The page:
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Date
25 Jun 2007
Tags
IOC News , 119th Session

Election of the 2014 Host City - Voting membership and regulations


Electronic voting was used for the first time for the election of a host city for the Olympic Games (Games of the XXIX Olympiad in 2008) on 13 July 2001 during the 112th IOC Session in Moscow.
 
The IOC President elects not to participate in the vote. The vote takes place by secret ballot, so as to ensure that members are not unduly influenced or pressurised. The electoral proceedings take place in a room in which only the IOC members and those persons authorised by the President by reason of their functions are present.
 
Any IOC members from a country whose city is a candidate in the election must abstain from taking part in rounds as long as the city is still included in the voting.
For 2014 this is as follows: 
 
Number of IOC members as of June 2007:
111
NOT VOTING:
 
IOC President Jacques Rogge:
1
Nationals from the Russian Federation:
- Vitaly Smirnov
- Shamil Tarpischev
- Alexander Popov
 
3
Nationals from Austria:
- Leo Wallner
 
1
Nationals from Germany:
- Thomas Bach
- Walther Tröger
 
2*
Nationals from the Republic of Korea:
- Kun Hee Lee
- Yong Sun Park
 
2
Excused members
- Nawaf Faisal Fahd Abdulaziz (Saudi Arabia)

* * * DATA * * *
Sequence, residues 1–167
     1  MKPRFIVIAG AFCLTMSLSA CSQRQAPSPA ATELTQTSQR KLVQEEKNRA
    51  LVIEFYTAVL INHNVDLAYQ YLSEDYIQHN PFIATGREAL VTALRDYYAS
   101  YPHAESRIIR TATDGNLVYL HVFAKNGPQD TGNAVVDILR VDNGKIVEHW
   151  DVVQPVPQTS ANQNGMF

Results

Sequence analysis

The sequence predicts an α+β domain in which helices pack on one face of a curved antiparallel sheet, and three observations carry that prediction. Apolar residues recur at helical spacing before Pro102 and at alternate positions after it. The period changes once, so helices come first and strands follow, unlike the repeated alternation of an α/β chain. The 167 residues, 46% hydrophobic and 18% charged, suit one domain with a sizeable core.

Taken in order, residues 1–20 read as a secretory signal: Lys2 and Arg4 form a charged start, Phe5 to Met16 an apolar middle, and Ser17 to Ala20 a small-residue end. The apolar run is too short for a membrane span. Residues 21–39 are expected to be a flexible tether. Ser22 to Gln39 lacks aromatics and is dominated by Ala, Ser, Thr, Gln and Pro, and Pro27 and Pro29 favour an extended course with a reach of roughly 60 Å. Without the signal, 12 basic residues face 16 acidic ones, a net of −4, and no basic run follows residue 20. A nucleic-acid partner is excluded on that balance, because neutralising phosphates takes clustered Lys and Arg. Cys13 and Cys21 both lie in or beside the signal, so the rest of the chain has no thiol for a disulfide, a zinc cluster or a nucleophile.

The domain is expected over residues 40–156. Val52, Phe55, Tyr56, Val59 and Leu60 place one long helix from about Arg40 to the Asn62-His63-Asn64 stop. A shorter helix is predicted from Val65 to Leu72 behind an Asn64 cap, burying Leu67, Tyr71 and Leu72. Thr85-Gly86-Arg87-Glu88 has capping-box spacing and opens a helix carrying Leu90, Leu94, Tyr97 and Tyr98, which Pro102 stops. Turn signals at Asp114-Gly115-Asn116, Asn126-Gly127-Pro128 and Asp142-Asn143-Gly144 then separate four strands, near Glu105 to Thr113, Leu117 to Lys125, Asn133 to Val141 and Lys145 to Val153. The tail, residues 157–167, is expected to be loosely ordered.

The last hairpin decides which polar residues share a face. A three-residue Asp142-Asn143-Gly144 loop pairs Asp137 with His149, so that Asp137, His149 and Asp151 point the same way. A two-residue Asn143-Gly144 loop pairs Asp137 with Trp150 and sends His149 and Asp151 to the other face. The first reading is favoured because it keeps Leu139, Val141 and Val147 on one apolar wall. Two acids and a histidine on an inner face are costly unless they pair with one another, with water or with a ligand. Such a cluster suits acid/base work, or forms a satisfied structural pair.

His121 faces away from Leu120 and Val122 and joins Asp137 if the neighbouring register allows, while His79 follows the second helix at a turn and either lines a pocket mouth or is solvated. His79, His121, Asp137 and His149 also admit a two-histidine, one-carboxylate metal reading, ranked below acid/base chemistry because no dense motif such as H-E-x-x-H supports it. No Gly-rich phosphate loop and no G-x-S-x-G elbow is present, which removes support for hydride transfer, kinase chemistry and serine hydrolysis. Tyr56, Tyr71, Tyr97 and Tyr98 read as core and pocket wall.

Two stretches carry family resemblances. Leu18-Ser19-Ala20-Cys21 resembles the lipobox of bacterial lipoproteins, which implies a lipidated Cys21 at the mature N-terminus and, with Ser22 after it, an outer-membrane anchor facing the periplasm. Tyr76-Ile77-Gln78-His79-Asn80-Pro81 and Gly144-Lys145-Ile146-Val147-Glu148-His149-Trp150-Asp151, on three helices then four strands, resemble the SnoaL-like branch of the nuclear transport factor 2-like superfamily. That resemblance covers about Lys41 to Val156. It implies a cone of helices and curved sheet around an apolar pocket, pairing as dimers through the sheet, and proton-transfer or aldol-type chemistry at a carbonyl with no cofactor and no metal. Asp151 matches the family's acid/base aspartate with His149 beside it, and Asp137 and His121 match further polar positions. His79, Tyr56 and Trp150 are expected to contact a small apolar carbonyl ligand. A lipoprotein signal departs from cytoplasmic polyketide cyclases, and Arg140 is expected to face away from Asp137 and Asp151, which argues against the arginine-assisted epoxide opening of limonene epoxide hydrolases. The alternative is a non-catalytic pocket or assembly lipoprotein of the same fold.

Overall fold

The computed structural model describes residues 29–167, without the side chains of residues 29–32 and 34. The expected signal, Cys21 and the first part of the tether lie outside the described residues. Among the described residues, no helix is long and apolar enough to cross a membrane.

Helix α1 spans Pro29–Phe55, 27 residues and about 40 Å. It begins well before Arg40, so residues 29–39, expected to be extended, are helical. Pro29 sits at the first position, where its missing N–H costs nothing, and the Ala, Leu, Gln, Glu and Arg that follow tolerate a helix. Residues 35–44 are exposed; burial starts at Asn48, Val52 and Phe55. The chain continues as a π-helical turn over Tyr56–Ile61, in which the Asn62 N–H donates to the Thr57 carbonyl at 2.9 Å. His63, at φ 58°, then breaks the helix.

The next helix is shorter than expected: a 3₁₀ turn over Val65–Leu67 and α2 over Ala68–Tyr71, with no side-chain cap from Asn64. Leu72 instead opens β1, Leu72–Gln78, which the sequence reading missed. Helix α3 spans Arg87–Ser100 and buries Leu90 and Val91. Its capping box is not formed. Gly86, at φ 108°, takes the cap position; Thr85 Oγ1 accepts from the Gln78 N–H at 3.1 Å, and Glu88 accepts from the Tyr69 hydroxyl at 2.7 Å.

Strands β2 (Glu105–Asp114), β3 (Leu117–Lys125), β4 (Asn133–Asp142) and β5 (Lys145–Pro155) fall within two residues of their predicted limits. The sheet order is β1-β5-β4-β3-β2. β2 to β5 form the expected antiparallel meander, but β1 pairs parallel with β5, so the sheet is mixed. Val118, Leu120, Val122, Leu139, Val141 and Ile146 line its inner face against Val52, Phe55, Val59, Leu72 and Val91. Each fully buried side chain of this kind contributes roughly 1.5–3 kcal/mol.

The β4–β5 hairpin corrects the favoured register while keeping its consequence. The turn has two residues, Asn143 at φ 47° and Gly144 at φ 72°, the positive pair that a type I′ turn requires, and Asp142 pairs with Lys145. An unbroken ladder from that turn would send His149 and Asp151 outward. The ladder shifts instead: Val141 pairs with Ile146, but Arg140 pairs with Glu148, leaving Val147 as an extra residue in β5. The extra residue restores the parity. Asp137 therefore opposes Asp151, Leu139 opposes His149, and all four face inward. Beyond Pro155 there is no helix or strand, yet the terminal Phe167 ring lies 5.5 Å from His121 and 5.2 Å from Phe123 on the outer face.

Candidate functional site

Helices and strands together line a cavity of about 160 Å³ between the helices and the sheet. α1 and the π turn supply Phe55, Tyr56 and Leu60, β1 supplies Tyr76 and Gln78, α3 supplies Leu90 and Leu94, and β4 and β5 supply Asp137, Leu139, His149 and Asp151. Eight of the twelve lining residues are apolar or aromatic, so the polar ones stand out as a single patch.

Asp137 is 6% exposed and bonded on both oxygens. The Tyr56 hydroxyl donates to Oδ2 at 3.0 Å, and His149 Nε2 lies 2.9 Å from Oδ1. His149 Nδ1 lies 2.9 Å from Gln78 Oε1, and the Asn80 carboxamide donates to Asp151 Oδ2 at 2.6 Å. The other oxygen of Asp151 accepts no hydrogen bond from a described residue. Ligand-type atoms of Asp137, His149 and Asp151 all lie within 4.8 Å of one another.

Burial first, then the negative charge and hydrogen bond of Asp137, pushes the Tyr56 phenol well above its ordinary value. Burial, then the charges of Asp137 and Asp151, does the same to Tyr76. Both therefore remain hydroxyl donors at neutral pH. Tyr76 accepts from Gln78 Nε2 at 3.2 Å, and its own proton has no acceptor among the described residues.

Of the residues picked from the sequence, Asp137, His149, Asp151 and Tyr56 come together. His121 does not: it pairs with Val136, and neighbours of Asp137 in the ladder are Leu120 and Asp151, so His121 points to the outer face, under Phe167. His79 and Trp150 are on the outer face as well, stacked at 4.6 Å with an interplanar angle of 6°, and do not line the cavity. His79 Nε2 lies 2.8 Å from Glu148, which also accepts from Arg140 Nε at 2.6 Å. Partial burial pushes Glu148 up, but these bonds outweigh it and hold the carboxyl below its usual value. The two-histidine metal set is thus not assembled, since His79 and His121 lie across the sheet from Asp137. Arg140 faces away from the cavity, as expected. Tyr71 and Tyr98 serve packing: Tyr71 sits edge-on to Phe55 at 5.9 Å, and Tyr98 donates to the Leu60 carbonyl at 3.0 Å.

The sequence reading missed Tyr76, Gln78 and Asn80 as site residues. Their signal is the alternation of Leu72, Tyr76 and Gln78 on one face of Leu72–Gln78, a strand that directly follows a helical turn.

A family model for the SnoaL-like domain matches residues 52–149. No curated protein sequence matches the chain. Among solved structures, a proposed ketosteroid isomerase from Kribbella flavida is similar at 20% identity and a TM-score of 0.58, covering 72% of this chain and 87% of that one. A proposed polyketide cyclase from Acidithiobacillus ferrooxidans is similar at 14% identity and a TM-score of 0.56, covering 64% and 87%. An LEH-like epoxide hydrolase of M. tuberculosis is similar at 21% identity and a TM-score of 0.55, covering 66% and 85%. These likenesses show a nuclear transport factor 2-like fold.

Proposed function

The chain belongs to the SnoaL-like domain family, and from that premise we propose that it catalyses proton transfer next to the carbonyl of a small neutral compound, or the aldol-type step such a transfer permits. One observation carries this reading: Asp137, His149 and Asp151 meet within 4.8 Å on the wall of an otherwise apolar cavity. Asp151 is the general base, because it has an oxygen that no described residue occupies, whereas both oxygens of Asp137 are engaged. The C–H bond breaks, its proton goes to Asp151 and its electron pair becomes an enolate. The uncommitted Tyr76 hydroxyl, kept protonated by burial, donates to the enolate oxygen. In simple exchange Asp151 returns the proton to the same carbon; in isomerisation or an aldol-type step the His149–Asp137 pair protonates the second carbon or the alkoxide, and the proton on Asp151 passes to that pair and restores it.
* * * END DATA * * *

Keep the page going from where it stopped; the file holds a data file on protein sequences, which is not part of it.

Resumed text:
- Barbara Kendall (New Zealand)
- Nora de Liechtenstein
- Randhir Singh (India)
- Pernilla Wiberg (Sweden)
                                               
5
TOTAL NUMBER OF MEMBERS NOT VOTING
14
Number of members eligible to vote in the first round:
97
 
* According to the Olympic Charter, German members must refrain from taking part in the vote because one sport facility in the bid file of Salzburg is located in Germany
 
N.B.
- In the event of a second round of voting, nationals from the country of the city which has been eliminated because it received the least number of votes CAN VOTE.
- The Honorary President, and Honorary and Honour members DO NOT vote.
 
Current IOC Members by continent
 
In each round; each participating IOC member may vote for only one city. The votes of members not taking part in a round of voting or who abstain, as well as blank or spoilt electronic voting entries, are not taken into account in the calculation of the required majority. 
 
If, after the first round of voting, no city obtains the absolute majority of the votes cast, as many rounds are held as necessary for a city to obtain such majority. 
 
The city receiving the least number of votes is eliminated after each round. The name of the city is made public straight away and the vote continues. 
 
If only two cities remain in contention, the one that obtains the greatest number of votes is declared elected.
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